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Why teamwork and teambuilding is key in challenging times

Why teamwork and teambuilding is key in challenging times

Teambuilding programmes should run over the course of a year

It is one of the strange anomalies and, frankly, naivety of businesses today that teambuilding isn’t held in higher regard.

In the sporting world, where stakes, competition and money have increased beyond all recognition in the past 20 years, teamwork and teambuilding is treated with the utmost criticality in producing a high performing unit.

In the expedition world, too, true teamwork is the key factor in achieving a major goal – and, indeed, often staying alive. I give my teams weekly ‘teambuilding’ training and awareness in the months leading up to an expedition, as well as during it.

Yet, in the corporate world, team development languishes in the dark ages.

In the first instance, 90 per cent of companies will do either no formal teambuilding training or resort to a once a year fun based ‘teambuilding day’ in the naïve belief that this will create a high performing corporate team.

Secondly, when times are hard, any team development training will usually be scaled down or even cut. All of this is naïve, dangerous and, frankly, nonsense.

A ‘teambuilding day’ such as a treasure hunt, building a raft to cross a swimming pool or embarking on a high ropes course will bring fun, enjoyment and camaraderie – all good things to have in a corporate calendar. And if you can’t have some fun alongside the relentless pressure of sales targets, profit targets and growth, then a company isn’t putting its employees first.

But that day won’t discover or resolve communication blockages in a team, silo mentality, misunderstandings, the support each team member needs, individual and team values, its strengths and weaknesses, feedback and acknowledgement and many more factors that go into creating a high performing team.

It is easy to have a relatively well gelled team when times are good, sales are flowing in and profits are trebling every year – the periods when companies will feel they can spend money on personal, leadership and team development. Yet in recessions, challenging times and periods of uncertainty, this is the time when this development is needed more than ever.

The simple fact is that no matter what bonuses an individual employee is on, the quality and effectiveness of a team working seamlessly together is one of the key factors that will result in a company overcoming major challenges and achieving success.

There are very few employees in any organisation who work in a vacuum. So much of what we do is utterly dependent on a shared vision, objectives and goals. Teams needs true listening, understanding, support, commitment, camaraderie and cohesion.

Real team coaching and team development, as opposed to ‘teambuilding days’, provides this. A structured programme of awareness, training and development over the course of a few months or a year will provide benefits that far outweigh lost time emptying our inboxes.

In some cases, a leader has the skills to provide this awareness, training and change. However, there are so many models, mantras, lessons, examples, exercises, experiential works, tools and techniques in the world of personal, leadership and team development that it often requires the support of experts.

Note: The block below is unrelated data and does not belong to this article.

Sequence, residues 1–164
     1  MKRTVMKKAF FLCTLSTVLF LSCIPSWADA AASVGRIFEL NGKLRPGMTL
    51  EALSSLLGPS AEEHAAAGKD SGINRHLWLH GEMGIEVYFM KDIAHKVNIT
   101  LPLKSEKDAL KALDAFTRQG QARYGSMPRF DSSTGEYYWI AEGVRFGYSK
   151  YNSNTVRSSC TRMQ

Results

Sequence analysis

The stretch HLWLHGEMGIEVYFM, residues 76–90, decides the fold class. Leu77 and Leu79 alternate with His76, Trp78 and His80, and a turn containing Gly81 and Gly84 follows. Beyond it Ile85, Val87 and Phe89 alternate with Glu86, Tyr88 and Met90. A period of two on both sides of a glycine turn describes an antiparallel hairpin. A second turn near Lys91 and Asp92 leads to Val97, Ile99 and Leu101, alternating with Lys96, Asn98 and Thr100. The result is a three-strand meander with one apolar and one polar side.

That is why top sporting teams enlist the skills of an entire group of coaches, psychologists and development gurus to enable every sportsperson and their team to reach their fullest potential. Companies need to have the same mind-set, if not the same scale of resources.

Programmes should run over the course of a year, so it is impossible to give all you need to know in a single article.

But here are five key tips:

1. See formal team coaching and team development as an essential a part of a company’s monthly or quarterly programme as its sales targets.

2. Have clear agreements on the need for honesty, transparency and openness in any team. Without this in place, no development programme will work.

3. As a starter session, ask the non-judgmental question ‘how are we doing as a team?’ If you have agreed on honesty and openness, it will open a rich channel of communication that will likely have been submerged for months or years.

4. Have a discovery session of what team members’ individual values, goals and objectives are. Everyone has a different DNA and everyone is motivated by different objectives. Contrary to common belief, money is not the key factor in most people’s leaving of a company.

5. Enlist a professional team coach. They have skills, tools and techniques that most managers and leaders simply do not have either the awareness or time to deliver.

Real teamwork, team development and team coaching is too critical to be left to the ‘nice to haves’ or a once a year ‘teambuilding day’. It will largely determine your company’s success or failure, which is even more vital in challenging times. Give it the importance your teams deserve.

Adrian Hayes is a British record-breaking adventurer, keynote speaker, leadership, team and executive coach, campaigner and author

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